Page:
And... I will cite IAR now:

Quote:
The results show that GNU avr-gcc 3.4.1 generates on average 68% more code than EWAVR 4.10B. [see: www.iar.com]

So, given the fact that flash & RAM are scarce resources, it would probably be better to take into account this aspect too when you choose a compiler (it will fit your program in a mega16 instead of mega32 - just an example/thought, don't take it as a final verdict).

Real men don't use backups, they post their stuff on a public ftp server and let the rest of the world make copies.

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microcarl speaks the truth. Listen to him.

Also, does anyone have the licenseing details on the 4K kick start IAR version? I could not find it on the web site.

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Quote:
Also, does anyone have the licenseing details on the 4K kick start IAR version? I could not find it on the web site.

I think it'll be prompted to you when you run the installer...
I don't dare to install it, as none of my current applications will fit into 4k... so it's useless.

Real men don't use backups, they post their stuff on a public ftp server and let the rest of the world make copies.

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JTSB:
ImageCraft offers a code size limited version of their compiler. 4K I believe
==============================================
But its unlimited use for 45 days... just long enough to get a nice useful 31k program written. Who can write a c program that does anything nontrivial in 4k?

Imagecraft compiler user

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Quote:
Who can write a c program that does anything nontrivial in 4k?

I'm currently using mega8 and the program is already 5114 bytes... max. would be 6144, because it also has a bootloader. So, I'm really worried 'cause this is not the final version and I'm afraid that the final will NOT fit into max. 6k. [HW can NOT be changed - Yuck!!!]

Real men don't use backups, they post their stuff on a public ftp server and let the rest of the world make copies.

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microcarl wrote:

Quote:
Everybody loves them too, especially on Fridays.

If everyone would buy ImageCraft ICCAVR, ther'd be no reason for a C compiler war.

BWAHAHA Carl, that was awesome, even though it's not Friday anymore :P

The Dark Boxes are coming.

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Hehe! Slava, I think for you it's already Sunday!!! :-) Right?
BTW: insomnia somehow? :-)

Real men don't use backups, they post their stuff on a public ftp server and let the rest of the world make copies.

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Quote:

Who can write a c program that does anything nontrivial in 4k?

Ummm--does that make all my production '4433 & Mega48 and '2313 apps "trivial"?

Maybe with >>your<< C compiler; my CodeVision can do a lot of non-trivial work in 4k.

Lee

(Bob has been playing in Mega128-land for too long, it seems. Real men don't have or need that kind of program space.)

Lee

You can put lipstick on a pig, but it is still a pig.

I've never met a pig I didn't like, as long as you have some salt and pepper.

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We have sent quite a few mega128 boards out the door.. but so far none of em have had more than half the mem used! We used all the IO pins though! kept saying I'd upgrade to the 128K version of the compiler when I ran up against the 64k limit... lately we have been using a lot of mega16s and mega32s. I got tight on a 16 and we shipped with a 32, but a lot of the 32 variations are down around 50%, so if we got a production order, we could save a few bucks. I'd like a 'ram size' dash number option on the mega32 64 and 128..... once you get the program written, you know the code size pretty well, but then you could select a mega with 1,2,4 or 8k or ram as needed. Now I think this is just an excellent idea if I do say so myself. (Too bad I'm not smart enough to invent something that will make a bunch of money)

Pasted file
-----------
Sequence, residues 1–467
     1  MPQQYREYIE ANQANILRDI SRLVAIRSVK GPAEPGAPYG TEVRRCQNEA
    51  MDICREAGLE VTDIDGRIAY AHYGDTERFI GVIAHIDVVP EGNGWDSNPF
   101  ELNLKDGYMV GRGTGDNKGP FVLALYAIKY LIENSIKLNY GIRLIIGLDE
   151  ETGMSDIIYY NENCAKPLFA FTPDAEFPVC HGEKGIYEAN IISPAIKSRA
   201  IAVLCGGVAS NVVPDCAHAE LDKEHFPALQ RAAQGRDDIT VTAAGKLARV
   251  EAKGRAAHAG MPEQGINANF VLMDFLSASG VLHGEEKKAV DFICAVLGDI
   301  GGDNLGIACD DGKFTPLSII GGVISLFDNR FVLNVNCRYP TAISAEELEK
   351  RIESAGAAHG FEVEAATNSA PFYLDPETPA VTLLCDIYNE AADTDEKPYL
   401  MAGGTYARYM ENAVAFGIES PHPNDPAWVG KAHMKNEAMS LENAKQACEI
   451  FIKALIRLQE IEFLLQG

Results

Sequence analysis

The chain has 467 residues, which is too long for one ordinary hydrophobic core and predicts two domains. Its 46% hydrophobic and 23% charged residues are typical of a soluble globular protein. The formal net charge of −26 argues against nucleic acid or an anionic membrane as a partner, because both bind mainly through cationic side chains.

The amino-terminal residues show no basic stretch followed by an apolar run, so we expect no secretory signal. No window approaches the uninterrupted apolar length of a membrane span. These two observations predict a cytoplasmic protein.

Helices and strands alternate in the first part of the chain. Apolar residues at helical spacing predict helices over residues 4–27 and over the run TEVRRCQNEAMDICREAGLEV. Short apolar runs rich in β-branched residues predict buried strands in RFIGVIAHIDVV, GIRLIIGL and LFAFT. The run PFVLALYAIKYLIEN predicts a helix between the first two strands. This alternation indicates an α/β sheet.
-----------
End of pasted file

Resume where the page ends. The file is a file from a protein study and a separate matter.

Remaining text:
Imagecraft compiler user

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@groenhen: yes, it's 5am into Sunday and yes, I hate mornings. Do you have russian friends? It's uncommon for a westerner to know diminuitives of russian names.

The Dark Boxes are coming.

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Bob wrote:
Now I think this is just an excellent idea if I do say so myself. (Too bad I'm not smart enough to invent something that will make a bunch of money)

Hey Bob!
A waiter here invented some kinda cork or something, patented it and now he's a millionaire!!! Gee, 1MegaBucks starting from a stupid CORK?!?! Can you believe that?!? Hmmm... ATmega$... sounds good, doesn't it?

Slava wrote:
Do you have russian friends? It's uncommon for a westerner to know diminuitives of russian names.

Oh, yes... Sergey (Sasha), Pavel (Pasha), Slavik and Oksana. They are all good (Russian) friends, especially Sergey!

Real men don't use backups, they post their stuff on a public ftp server and let the rest of the world make copies.

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Quote:

We have sent quite a few mega128 boards out the door.. but so far none of em have had more than half the mem used! We used all the IO pins though! kept saying I'd upgrade to the 128K version of the compiler when I ran up against the 64k limit... lately we have been using a lot of mega16s and mega32s. I got tight on a 16 and we shipped with a 32, but a lot of the 32 variations are down around 50%, so if we got a production order, we could save a few bucks. I'd like a 'ram size' dash number option on the mega32 64 and 128..... once you get the program ...

Ummm--you seem to have ignored my objection to your trivial<->4k statement.

Lee

You can put lipstick on a pig, but it is still a pig.

I've never met a pig I didn't like, as long as you have some salt and pepper.

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Well, lets back 4k from instructions to c statements to function points and figure out what the mccabe complexity index would be. 4k bytes would be about 1.5K instructions (some are one word, some are two). Whats a good number of instructions for an expression or statement? 10? So we could have a c program with 150 c expressions or statements. Thats about 2 pages. I'd say that was a trivial program. Logic replacement. Seems like something worthy of a computer would have some algorithm to it. Some decision making. A half man year of work. Several 10s of kbytes of code. Over.

Imagecraft compiler user